Recent news stories have drawn attention to the issue of student safety in Manchester. It’s an issue we cannot dismiss, says Moya Crockett
Until I got mugged, my Friday night had been entirely uneventful. I’d spent the evening watching The Office at a friend’s house in Withington. As I put my coat on at around 11.30pm, the thought of asking one of the boys to walk me home briefly crossed my mind but I shrugged it off. It’s only a ten minute walk, and it wasn’t especially late. I’d be fine.
As I walked down a well-lit residential street – a nice road, with stained-glass windows in the front doors and shiny family cars parked in the gravel driveways – I noticed a man crossing the road ahead of me. I walked a little taller, kept him in my peripheral vision. I didn’t see the boy crouched in the shadows.
He appeared so abruptly that I still don’t know where exactly he was hiding. All I know is that I was walking along, and then suddenly I wasn’t, because a boy in a grey hoodie had grabbed me by the shoulders and was shaking me fiercely. I thought, very clearly, “He’s trying to pull me somewhere.” My legs were frozen with fear. I tried to push him away, but his face – half-covered with a scarf – was terribly close to mine, and I realised, with a sickening feeling in my stomach, that I am not strong. I’m not strong at all.
After what felt like minutes but was probably only seconds, he stopped grappling with me and yanked at my bag. As soon as I understood that he wasn’t after me, just my belongings, I went limp. He tore the bag from my shoulder, shoved me into the bushes with a snarl of “You fucking slag” (how rude, I thought, sprawled in the shrubbery), and sprinted off. The next thing I knew, I was standing in the middle of the quiet road, shaking and wailing, “Oh my god, oh my god, oh my god!” in a voice that I didn’t recognise.
My experience doesn’t represent the pinnacle of trauma. I wasn’t physically hurt, just bruised, and my bag (£5, Primark) contained nothing but an old pay-as-you-go Samsung and unmarked keys. I called the police as soon as I got home and although the guy was never caught, they were kind and efficient. I was lucky. But the events of that night brought two things home to me.
The first was how easily I convinced myself that because I was sober, because it wasn’t “that late,” because the walk wasn’t “that far,” I was in no danger. One only has to see the recent spate of sexual assaults taking place in Withington before 10pm to recognise how flawed this assumption was. Vulnerability doesn’t depend on the time of night. We all know Fallowfield has one of the highest crime rates outside Manchester city centre. Almost everyone has a story to share about a friend-of-a-friend’s mugging or assault. Despite this, a blasé attitude persists: oh, I’m sure I’ll be fine.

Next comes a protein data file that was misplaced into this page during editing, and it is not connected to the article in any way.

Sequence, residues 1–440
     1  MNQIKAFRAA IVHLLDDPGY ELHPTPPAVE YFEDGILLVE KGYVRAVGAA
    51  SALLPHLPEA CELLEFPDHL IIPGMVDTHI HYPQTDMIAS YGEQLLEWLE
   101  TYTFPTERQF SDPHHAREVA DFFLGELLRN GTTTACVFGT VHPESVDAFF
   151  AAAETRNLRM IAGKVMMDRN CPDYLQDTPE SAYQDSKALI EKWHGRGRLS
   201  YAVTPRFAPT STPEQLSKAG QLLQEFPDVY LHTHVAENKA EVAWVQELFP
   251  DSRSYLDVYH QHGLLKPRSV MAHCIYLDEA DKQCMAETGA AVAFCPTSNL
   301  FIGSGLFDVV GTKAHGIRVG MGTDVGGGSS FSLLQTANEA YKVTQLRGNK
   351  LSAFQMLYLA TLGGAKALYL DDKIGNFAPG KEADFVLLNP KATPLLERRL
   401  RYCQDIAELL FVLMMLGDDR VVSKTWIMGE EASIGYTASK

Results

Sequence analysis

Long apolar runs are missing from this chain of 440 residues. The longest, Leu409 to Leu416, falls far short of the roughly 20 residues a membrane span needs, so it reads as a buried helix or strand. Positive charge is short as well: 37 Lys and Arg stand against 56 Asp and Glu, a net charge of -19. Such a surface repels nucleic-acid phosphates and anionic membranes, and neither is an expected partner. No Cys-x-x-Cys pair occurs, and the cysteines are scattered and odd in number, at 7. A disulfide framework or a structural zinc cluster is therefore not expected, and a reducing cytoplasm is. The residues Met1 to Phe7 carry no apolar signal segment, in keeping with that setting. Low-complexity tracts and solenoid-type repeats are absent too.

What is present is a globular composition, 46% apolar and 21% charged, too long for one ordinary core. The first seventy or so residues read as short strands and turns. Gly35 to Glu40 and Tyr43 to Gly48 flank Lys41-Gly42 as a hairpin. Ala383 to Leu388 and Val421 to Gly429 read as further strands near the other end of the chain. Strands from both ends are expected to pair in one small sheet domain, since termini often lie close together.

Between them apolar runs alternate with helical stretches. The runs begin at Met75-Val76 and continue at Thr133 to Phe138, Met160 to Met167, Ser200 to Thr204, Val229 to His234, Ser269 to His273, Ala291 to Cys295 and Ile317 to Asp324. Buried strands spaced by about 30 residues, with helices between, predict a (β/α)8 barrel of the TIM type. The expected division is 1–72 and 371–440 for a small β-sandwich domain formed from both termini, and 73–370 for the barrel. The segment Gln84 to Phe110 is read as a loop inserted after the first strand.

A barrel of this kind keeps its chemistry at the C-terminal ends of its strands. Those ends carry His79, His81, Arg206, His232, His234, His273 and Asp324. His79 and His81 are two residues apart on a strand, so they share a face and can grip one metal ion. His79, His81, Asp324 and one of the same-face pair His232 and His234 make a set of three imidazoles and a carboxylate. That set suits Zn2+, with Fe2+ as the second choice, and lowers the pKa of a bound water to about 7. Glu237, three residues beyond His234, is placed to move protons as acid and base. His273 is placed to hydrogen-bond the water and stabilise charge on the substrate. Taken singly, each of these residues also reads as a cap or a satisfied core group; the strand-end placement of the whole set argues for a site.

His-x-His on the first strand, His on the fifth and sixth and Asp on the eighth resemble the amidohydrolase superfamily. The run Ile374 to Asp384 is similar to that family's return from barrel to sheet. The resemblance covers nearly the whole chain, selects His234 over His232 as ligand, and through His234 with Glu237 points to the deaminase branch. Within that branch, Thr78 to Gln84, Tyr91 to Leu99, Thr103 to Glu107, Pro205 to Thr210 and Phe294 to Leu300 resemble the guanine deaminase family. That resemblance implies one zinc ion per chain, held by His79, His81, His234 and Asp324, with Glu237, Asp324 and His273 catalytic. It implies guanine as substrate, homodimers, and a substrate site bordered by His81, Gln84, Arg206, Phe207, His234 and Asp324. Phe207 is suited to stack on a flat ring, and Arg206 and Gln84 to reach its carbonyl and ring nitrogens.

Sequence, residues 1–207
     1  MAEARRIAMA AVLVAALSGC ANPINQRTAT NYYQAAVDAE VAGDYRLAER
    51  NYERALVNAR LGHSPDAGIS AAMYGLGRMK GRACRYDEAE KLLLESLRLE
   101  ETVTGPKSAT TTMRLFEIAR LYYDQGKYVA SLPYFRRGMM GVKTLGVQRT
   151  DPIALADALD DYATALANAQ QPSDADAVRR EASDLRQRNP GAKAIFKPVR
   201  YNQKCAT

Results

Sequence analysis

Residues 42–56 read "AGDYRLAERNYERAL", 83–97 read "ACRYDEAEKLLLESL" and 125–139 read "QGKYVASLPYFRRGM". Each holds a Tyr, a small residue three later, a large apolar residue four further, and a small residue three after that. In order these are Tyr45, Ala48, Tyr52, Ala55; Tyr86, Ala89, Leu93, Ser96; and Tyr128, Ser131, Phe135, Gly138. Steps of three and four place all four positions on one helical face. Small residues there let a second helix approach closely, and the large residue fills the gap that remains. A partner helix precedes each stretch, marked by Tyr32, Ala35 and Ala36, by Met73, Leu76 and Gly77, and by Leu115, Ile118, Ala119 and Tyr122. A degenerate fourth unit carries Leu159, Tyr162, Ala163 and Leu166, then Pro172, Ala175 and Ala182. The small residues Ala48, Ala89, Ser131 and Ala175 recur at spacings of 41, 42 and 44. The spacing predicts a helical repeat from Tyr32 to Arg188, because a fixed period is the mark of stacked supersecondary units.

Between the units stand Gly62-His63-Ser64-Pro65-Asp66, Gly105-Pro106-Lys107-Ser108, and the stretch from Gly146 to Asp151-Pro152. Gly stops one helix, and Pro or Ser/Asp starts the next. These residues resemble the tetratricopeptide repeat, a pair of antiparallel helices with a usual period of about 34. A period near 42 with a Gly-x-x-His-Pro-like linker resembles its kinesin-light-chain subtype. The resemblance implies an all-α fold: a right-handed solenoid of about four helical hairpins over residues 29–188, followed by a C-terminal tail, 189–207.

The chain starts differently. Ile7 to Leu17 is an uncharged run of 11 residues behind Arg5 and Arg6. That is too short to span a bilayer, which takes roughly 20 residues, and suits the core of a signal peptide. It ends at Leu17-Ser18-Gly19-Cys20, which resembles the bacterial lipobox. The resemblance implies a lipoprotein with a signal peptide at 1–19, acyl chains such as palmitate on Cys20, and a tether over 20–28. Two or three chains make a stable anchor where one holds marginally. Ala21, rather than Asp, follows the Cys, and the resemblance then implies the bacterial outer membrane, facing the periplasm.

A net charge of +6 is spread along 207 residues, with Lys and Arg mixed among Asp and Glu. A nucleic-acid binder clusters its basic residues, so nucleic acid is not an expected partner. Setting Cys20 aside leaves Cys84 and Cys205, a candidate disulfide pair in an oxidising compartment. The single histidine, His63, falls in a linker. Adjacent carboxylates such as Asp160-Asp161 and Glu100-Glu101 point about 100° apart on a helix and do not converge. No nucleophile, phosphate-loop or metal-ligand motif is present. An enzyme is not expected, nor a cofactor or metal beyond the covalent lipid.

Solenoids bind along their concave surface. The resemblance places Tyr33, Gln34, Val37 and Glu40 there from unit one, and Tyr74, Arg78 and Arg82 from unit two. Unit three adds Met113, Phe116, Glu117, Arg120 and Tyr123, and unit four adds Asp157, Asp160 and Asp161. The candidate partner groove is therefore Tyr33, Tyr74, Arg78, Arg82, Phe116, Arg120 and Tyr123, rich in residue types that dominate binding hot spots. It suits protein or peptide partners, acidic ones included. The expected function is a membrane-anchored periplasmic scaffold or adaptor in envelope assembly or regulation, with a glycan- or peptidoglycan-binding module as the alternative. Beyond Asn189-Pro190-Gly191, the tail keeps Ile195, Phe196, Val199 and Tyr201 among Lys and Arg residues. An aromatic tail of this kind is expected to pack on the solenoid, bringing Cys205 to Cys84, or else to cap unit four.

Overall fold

Everyone wants to be free to walk around their own neighbourhood, and until something happens to you, assault will always be something that only happens to “other people”. But at a certain point, this kind of positive thinking becomes not just naïve but dangerous. If you have to walk alone at night, stick to well-lit streets and, if possible, walk in the middle of the road. You’re more exposed, but you’re also further from places anyone could hide, more clearly visible if anyone looks out of a window, and having to keep an eye out for traffic shows that you’ve got your wits about you. Most importantly, don’t listen to music. Having white iPhone headphones in your ears is essentially like waving a sign saying, “Hello! I’m not concentrating on my surroundings and I’m carrying expensive equipment!” Sensible as these tips are, however, solo night-time walking should be avoided wherever possible. A 20-year-old female student was recently subjected to a horrifically violent attack on Oxford Road. She was walking alone, with her headphones in.
Being mugged also forced me to think about the psychological effects of traumatic events. My experience was relatively minor. I was fine. I made jokes. But something trembled in my torso for quite some time, a clenched, frightened muscle that I hadn’t even known I possessed. I still flinch when someone comes up behind me unexpectedly. There is a scientific reason why being mugged or assaulted affects us so profoundly. When we experience an “emotionally arousing event” such as a mugging, the amygdala – the tiny part of the brain in charge of deep, unconscious emotion and the “fight/flight/freeze” response – produces a protein that helps the nervous system convert immediate memories into permanent ones.
In other words, the traumatic event becomes deeply embedded in our subconscious. Trauma can lead to serious mental health problems, including PTSD, depression, and anxiety. Bad dreams, flashbacks, irregular sleep and eating patterns, and feelings of numbness, loneliness, anger, fear or sadness are common responses to a disturbing event. However, if they persist for over a month, contacting your GP or the university counselling service is strongly recommended.
Being a student in Manchester needn’t mean living in fear, but being aware of your surroundings and taking responsibility for your own safety is a fundamental part of growing up. While we can’t stop the perpetrators of assaults and muggings, we can take steps to avoid becoming victims. Keep your valuables hidden, your wits about you, and remember that safety comes in numbers – and that means not walking alone.